Why did English actors want to perform as Japanese? And why did English audiences want to see them perform? Presumably, one reason was because it was possible to assimilate the Japanese craze to themselves as reminiscences of their medieval past and wear beautiful Japanese-inspired clothing. But The Mikado was also performed in other parts of the world, which had little to do with British politics. Shortly after it opened in London, The Mikado opened in New York in August 1885. Playing in Hawaiʻi shortly after, the story seemed to resonate with the local population. And in 1918 The Mikado was performed in the small Pacific nation of Tonga, where two of the principal roles were played by high chiefs—Yum Yum by the high-ranking Halaevalu Sipu and the Lord High Executioner by Chief 'Ulukālala (Fig. 1). The plot, and especially the music, interested the Tongans, who felt that they had a historic relationship with Japan, especially in their marriage and funeral ceremonies.5

     A few years after the opening of The Mikado, the Indonesian performances during the 1889 Exposition Universelle (Universal Exposition) in Paris influenced Debussy and others and stimulated entrepreneurs to bring performers from "the Orient" to Europe and introduce to a wide audience ideas of the "exotic" such as the danse de ventre (belly dance) and other Middle Eastern forms (Décoret-Ahiha 2004: 30–31). This exposition, along with the popular paintings of Eugène Delacroix, Jean-Léon Gérôme, and others, introduced "orientalism" to a wide European audience.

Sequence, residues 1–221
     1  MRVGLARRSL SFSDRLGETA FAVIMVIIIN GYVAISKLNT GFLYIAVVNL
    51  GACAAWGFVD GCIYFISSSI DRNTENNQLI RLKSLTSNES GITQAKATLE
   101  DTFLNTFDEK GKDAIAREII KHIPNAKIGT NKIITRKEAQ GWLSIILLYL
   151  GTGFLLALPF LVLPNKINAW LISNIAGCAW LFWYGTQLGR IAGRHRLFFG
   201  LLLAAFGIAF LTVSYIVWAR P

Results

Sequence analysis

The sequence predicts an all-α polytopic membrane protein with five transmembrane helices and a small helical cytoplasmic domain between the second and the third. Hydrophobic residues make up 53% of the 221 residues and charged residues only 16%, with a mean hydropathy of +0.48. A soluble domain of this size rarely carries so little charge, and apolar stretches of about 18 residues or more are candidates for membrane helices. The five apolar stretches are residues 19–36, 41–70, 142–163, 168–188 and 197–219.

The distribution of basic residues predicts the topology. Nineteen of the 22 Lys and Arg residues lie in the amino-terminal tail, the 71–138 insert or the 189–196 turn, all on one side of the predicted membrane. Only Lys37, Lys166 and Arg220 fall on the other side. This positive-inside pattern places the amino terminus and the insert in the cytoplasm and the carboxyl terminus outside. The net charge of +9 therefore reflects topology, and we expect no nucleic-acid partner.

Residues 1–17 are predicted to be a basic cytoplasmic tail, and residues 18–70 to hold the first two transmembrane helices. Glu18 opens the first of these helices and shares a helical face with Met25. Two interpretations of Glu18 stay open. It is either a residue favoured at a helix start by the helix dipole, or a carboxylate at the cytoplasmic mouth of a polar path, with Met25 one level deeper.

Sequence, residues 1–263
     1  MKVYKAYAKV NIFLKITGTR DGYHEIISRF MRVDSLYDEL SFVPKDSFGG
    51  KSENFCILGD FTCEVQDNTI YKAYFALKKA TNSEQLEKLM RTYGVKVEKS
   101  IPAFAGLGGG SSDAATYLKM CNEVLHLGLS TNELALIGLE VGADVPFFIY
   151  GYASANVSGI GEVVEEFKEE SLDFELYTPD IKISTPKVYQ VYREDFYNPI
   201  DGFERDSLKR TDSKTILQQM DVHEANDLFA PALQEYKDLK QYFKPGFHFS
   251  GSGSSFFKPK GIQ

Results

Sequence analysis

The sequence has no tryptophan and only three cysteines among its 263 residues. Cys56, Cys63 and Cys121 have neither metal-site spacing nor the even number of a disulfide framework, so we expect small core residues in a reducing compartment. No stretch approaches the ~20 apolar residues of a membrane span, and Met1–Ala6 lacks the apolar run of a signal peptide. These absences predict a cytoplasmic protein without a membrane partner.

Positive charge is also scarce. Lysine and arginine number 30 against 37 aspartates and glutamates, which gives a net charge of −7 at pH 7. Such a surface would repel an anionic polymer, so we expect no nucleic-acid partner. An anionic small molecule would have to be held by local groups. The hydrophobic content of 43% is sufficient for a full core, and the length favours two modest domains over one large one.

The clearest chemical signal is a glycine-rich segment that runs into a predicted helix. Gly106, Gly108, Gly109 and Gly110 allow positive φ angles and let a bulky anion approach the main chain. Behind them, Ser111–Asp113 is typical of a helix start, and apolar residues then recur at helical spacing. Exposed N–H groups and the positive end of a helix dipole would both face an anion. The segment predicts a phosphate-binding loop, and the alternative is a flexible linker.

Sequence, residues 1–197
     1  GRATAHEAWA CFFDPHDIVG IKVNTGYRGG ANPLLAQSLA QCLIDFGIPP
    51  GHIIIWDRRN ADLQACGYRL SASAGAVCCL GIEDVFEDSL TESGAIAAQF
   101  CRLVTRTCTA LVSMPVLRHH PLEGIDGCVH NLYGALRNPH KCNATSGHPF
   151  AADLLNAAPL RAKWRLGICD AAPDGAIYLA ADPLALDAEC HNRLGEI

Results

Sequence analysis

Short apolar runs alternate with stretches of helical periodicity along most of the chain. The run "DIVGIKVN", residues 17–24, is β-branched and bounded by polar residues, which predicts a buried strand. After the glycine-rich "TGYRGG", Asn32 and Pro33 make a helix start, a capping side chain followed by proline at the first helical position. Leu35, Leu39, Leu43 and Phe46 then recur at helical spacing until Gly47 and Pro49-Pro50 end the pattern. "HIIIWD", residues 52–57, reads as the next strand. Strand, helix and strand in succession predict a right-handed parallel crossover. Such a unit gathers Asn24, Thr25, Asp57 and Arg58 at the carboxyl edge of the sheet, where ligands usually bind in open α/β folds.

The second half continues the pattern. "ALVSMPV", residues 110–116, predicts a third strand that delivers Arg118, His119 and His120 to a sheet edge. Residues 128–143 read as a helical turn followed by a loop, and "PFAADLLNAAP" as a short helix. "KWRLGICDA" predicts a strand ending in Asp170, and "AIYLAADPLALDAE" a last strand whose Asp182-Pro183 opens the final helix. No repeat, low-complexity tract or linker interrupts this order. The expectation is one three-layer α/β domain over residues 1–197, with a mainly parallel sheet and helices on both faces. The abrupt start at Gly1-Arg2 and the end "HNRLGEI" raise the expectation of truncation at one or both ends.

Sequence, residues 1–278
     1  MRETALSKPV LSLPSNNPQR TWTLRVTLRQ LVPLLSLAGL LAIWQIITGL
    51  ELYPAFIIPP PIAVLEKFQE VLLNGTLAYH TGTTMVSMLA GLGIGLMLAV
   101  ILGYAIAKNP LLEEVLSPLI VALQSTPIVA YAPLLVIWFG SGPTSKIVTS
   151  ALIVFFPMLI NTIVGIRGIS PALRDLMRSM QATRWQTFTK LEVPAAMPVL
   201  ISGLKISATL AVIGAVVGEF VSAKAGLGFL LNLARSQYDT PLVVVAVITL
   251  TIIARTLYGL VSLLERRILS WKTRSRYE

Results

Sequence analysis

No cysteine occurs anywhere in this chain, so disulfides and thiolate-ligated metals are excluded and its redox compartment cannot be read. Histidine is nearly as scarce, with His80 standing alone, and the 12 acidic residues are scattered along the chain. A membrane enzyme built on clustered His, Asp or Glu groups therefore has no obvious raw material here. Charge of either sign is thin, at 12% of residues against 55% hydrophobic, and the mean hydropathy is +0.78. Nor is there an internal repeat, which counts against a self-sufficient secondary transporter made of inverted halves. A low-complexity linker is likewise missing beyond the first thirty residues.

One of the first Japanese performing groups to travel to Europe was the former geisha Sadayakko (1871–1946), and her husband, Kawakami Otojirō (1864–1911). After touring the United States in 1899, they performed at the 1900 Exposition Universelle in Paris and then travelled and performed in other European cities during the following years. Kawakami Otojirō had been part of the introduction of new forms of political theater in 1890s Japan that had been created in reaction to the older, more traditional forms, such as kabuki. Borrowing from the West, he developed his ideas into theatrical presentations that could be appreciated by outsiders. After the troupe's first presentations in the United States and London, the troupe travelled to France and used pieces that were extracted from kabuki and noh, such as "La geisha et le chevalier" (The geisha and the knight) and "Kesa," which introduced the koto version of "Echigo jishi" (Groos 1999: 50) and included a melodramatic death scene for Sadayakko.6 Although strongly criticized by knowledgeable Japanese who saw these pieces, the performances were appreciated by Europeans for their exotic sounds, movements, and beautiful costumes. In 1901, Sadayakko and Kawakami travelled to Berlin and were recorded by Otto Abraham and Erich von Hornbostel for the Berlin Phonogramm-Archiv (Ziegler 2006: 86). The recordings include music that accompanied Sadayakko's dancing—shamisen, percussion, and singing of the kabuki-like potpourri for "La geisha et le chevalier," two koto pieces for Sadayakko's performances for "Kesa," and a koto accompaniment for Sadayakko's "Tsuru-kame."7 It is on these recordings that the classic article by Abraham and Hornbostel on the tonal system of the Japanese is based (1903).